|Publication number||US3495037 A|
|Publication date||Feb 10, 1970|
|Filing date||Sep 2, 1966|
|Priority date||Oct 27, 1965|
|Publication number||US 3495037 A, US 3495037A, US-A-3495037, US3495037 A, US3495037A|
|Original Assignee||Grundig Emv|
|Export Citation||BiBTeX, EndNote, RefMan|
|Patent Citations (5), Referenced by (2), Classifications (9)|
|External Links: USPTO, USPTO Assignment, Espacenet|
Feb. 10, 1970 E. HITZ 3,495,037
CIRCUIT ARRANGEMENT FQR THE AUTOMATIC AND CONTINUOUS ADJUSTMENT-50F THE OPTION? SHUTTER OF A TELEVISION PICK-UP CAMERA Filed Sept. 2, 1966 U x INVENTOR Eri /0 HHz. BY
ATTORNEY United States Patent US. Cl. 178-7.92 Claims ABSTRACT OF THE DISCLOSURE An arrangement for controlling the position of a shutter used in conjunction with television pick-up cameras. Two separate Schmitt trigger circuits connect a motor mechanically coupled to the shutter, to voltage supplies of opposite polarity, depending upon whether the shutter is to be opened or closed. A voltage from the light-sensitive element within the camera tube is applied to the Schmitt trigger circuits in the form of a controlled signal, and the trigger circuits respond by connecting the motor to either one voltage source or the other for moving the shutter in either one direction or another and opposite direction. Transistor switches operate the motor in accordance with the state of the trigger circuits.
The invention pertains to a circuit for the automatic and continuous adjustment of the optical shutter of a television pick-up camera wherein a control signal for the shutter adjustment motor is derived from the video signal which is directly proportional to the photocurrent of the image pick-up tube.
In order to provide an automatic adjustment of a television camera image pick-up tube to the respective illumination conditions, there is, in accordance with a known circuit used in connection with an image vidicon tube a control potential derived from the video signal which serves to regulate the bias potential on the signal plate with a time constant which is considerably larger than the time required for scanning of the image so that the median signal current is independent of the respective brightness of the scene and practically remains constant. Since, however, in practice brightness fluctuations occur sometimes which are so large that the regulation solely derived from the signal plate potential will not be sufiicient, an optical shutter is additionally provided which is being controlled by the regulating potential. In this case the illumination control through the optical shutter may be considered the coarse, while that obtained from the plate potential is considered the fine regulation. The shutter control motor thus begins to operate only then when the regulation potential derived from the signal plate potential exceeds or goes below a given threshold value (German Patent 976,590).
A known electron tube circuit is being used to operate as a threshhold switch or a control signal amplifier for this purpose which acts as a diflFerential type amplifier. This circuit contains two relays whereby a potential is applied to the shutter adjustment motor in such a manner that the optical shutter is adjusted in a desired sense. The range of this type of automatic regulation may be enlarged in accordance with another known circuit, by controlling the optical shutter by means of a photoresponsive resistance or other similarly acting light-sensitive element. The latter type control, however, may have a number of disadvantages. In normal television systems due to reasons of space it is actually not really possible to position the photoresistance in respect to the image surface in such "ice a way that the entire light current will be measured. Since the brightness distribution, especially with objects having a short focus, decreases from the center toward the edge, errors in illumination may therefore be produced in case of an unfavorable position of the photo-resistance. Moreover, due to the very small surface available in a photoresistance, the resistance has a very high ohmic value, the control therefore being very strongly dependent upon the ambient temperature.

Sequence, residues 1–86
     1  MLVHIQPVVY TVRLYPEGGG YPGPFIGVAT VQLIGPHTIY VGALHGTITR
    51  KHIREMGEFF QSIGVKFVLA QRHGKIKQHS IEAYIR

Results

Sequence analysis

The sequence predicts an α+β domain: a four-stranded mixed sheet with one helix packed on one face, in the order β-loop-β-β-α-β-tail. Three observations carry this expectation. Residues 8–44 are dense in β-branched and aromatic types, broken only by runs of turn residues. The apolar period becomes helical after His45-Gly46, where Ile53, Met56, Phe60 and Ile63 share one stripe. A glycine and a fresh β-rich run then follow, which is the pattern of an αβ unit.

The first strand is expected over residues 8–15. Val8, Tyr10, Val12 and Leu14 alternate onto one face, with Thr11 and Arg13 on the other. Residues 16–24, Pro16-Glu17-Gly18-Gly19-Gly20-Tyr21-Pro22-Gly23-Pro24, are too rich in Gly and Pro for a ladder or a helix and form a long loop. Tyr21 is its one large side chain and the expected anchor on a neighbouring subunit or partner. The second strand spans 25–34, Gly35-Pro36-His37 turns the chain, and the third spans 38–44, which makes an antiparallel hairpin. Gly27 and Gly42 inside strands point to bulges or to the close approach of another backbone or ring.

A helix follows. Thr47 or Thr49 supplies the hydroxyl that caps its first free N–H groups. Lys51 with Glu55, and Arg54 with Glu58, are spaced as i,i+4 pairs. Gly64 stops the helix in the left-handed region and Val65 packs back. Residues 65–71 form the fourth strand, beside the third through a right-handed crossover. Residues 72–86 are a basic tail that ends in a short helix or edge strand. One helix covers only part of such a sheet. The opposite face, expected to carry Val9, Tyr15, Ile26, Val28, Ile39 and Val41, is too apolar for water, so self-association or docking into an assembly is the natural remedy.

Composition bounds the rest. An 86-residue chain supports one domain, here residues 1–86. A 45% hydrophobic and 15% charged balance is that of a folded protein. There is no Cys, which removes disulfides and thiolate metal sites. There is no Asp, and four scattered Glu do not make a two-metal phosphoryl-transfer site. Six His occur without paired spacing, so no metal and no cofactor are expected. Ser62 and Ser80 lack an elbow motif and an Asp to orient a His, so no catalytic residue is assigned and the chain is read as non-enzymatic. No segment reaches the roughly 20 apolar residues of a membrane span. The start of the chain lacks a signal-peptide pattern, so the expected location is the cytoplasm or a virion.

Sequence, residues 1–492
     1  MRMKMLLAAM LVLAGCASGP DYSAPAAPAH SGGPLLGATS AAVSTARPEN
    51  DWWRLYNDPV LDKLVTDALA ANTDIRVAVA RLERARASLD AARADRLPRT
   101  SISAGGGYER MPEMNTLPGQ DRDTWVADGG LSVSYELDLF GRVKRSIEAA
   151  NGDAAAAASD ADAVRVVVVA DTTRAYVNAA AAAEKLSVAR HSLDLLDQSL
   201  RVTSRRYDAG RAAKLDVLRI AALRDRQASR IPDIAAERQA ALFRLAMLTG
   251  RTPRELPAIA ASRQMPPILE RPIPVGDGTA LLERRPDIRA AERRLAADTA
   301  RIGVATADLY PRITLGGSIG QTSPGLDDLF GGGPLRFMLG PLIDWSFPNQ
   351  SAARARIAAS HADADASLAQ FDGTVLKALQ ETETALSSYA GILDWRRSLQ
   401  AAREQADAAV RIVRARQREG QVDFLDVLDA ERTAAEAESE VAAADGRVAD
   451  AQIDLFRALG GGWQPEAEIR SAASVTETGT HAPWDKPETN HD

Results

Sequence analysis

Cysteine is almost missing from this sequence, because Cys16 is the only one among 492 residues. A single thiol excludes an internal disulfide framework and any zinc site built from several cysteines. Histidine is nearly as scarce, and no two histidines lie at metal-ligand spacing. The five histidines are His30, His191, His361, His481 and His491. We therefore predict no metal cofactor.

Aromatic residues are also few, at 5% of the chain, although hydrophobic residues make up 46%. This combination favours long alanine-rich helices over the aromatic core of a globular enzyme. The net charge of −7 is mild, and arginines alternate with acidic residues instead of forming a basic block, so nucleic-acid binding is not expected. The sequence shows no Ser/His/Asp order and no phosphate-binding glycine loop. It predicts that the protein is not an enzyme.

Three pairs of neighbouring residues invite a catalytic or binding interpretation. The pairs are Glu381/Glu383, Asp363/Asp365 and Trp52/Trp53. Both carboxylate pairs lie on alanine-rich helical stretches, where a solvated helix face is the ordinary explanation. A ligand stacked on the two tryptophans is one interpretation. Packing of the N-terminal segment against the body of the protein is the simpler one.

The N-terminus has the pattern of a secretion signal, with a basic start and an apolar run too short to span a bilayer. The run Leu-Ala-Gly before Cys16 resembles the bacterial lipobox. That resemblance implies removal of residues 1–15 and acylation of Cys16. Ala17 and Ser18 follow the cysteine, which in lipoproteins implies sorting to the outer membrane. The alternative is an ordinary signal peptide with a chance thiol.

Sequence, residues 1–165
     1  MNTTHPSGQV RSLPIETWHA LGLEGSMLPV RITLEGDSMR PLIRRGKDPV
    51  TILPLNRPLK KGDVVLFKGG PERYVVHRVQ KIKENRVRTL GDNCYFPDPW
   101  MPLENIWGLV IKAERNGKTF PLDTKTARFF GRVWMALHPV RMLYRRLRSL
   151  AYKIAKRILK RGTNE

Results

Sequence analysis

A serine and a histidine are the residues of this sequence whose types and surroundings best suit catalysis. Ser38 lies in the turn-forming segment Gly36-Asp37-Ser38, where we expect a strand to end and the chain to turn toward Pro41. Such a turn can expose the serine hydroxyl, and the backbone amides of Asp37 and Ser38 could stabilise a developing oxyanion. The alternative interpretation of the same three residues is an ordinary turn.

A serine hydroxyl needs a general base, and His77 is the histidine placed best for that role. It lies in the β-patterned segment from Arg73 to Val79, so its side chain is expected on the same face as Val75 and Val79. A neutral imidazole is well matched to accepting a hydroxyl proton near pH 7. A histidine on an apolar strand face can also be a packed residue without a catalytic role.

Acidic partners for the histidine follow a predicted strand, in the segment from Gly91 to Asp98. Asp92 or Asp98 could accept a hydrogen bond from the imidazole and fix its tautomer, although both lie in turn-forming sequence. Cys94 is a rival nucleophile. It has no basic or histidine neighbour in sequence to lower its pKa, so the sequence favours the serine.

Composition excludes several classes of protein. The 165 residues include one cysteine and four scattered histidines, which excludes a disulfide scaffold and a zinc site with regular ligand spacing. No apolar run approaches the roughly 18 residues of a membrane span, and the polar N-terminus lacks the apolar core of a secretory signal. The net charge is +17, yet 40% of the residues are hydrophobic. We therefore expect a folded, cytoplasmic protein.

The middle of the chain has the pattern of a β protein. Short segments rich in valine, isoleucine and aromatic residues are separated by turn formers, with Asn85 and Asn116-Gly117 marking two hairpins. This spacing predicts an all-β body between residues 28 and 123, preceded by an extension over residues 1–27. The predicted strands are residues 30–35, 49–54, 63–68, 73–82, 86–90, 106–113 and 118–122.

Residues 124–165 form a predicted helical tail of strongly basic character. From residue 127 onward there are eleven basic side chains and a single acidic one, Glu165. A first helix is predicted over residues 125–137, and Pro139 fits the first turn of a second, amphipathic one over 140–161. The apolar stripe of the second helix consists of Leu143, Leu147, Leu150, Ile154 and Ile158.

This disadvantage may of course be overcome by bring ing the photo-resistance closer to the object of which the image is to be obtained. However, this would require a feedback signal and there is a further possibility that illumination errors may be produced because the photoresistance responds to an illumination range which is difierent from other, more distant portions of the image.
In accordance with the invention a circuit arrangement is provided by means of which the optical shutter may be automatically and continuously adjusted, the circuit being independent of whether the signal plate potential is controlled or not. The new circuit is in its application therefore, not limited to a pick-up tube of the vidicon type but may also be used with all other tubes.
The invention is more particularly characterized in that it is possible by way of an impedance transformer, to alternately control two trigger systems having respectively complementary transistors, an electronic switch being associated with each of the triggers and having a complementary transistor with respect to its associated trigger. The respective emitter-collector paths of the complementary transistors are disposed in the circuit of the shutter control motor in such a way that, in accordance with the change of direction of the control signal the motor receives a positive or negative adjustment potential relative to its reference potential.
The invention may be better understood with reference to the three illustrations showing the circuit in principle and the accompanying description. The embodiments have been described hereinbelow based on the use of a vidicon as an image pick-up tube. The various potentials which have been indicated are those referring to a vidicon tube.
FIG. 1 shows the overall circuit arrangement together with a shutter adjustment motor.
FIG. 2 shows a portion of the circuit of FIG. 1 With a safety contact which operates to shut oil? the circuit.
FIG. 3 shows the circuit of FIG. 2 using an electronic switch.